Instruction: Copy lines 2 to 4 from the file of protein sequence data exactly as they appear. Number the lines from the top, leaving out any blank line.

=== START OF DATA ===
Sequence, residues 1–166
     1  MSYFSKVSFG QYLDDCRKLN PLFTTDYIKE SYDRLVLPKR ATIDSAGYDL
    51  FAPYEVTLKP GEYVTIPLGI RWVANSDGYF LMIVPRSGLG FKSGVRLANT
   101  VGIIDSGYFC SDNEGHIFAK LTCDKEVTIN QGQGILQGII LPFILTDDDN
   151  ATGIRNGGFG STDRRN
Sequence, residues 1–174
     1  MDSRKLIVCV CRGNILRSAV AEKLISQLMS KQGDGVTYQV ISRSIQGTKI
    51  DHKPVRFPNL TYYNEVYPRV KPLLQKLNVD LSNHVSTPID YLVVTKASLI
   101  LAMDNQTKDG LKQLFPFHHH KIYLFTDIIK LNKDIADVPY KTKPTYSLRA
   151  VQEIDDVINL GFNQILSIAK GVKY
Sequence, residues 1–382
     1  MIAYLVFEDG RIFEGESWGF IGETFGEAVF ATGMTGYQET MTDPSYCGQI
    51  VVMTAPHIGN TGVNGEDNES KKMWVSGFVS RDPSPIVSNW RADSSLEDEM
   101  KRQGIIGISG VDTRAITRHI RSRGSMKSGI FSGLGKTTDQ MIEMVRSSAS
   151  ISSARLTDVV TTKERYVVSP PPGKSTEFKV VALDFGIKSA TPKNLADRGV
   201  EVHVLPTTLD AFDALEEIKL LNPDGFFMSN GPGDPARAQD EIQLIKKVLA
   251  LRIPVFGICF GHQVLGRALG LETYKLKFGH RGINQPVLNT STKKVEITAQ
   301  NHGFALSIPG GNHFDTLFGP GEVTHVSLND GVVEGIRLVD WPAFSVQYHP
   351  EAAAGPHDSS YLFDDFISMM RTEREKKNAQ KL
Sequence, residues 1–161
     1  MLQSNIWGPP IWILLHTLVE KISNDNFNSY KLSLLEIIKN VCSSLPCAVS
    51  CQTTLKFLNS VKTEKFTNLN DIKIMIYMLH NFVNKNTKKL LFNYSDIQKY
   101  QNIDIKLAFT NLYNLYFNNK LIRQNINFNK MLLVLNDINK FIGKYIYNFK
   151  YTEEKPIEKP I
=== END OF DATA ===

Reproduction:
     1  MSYFSKVSFG QYLDDCRKLN PLFTTDYIKE SYDRLVLPKR ATIDSAGYDL
    51  FAPYEVTLKP GEYVTIPLGI RWVANSDGYF LMIVPRSGLG FKSGVRLANT
   101  VGIIDSGYFC SDNEGHIFAK LTCDKEVTIN QGQGILQGII LPFILTDDDN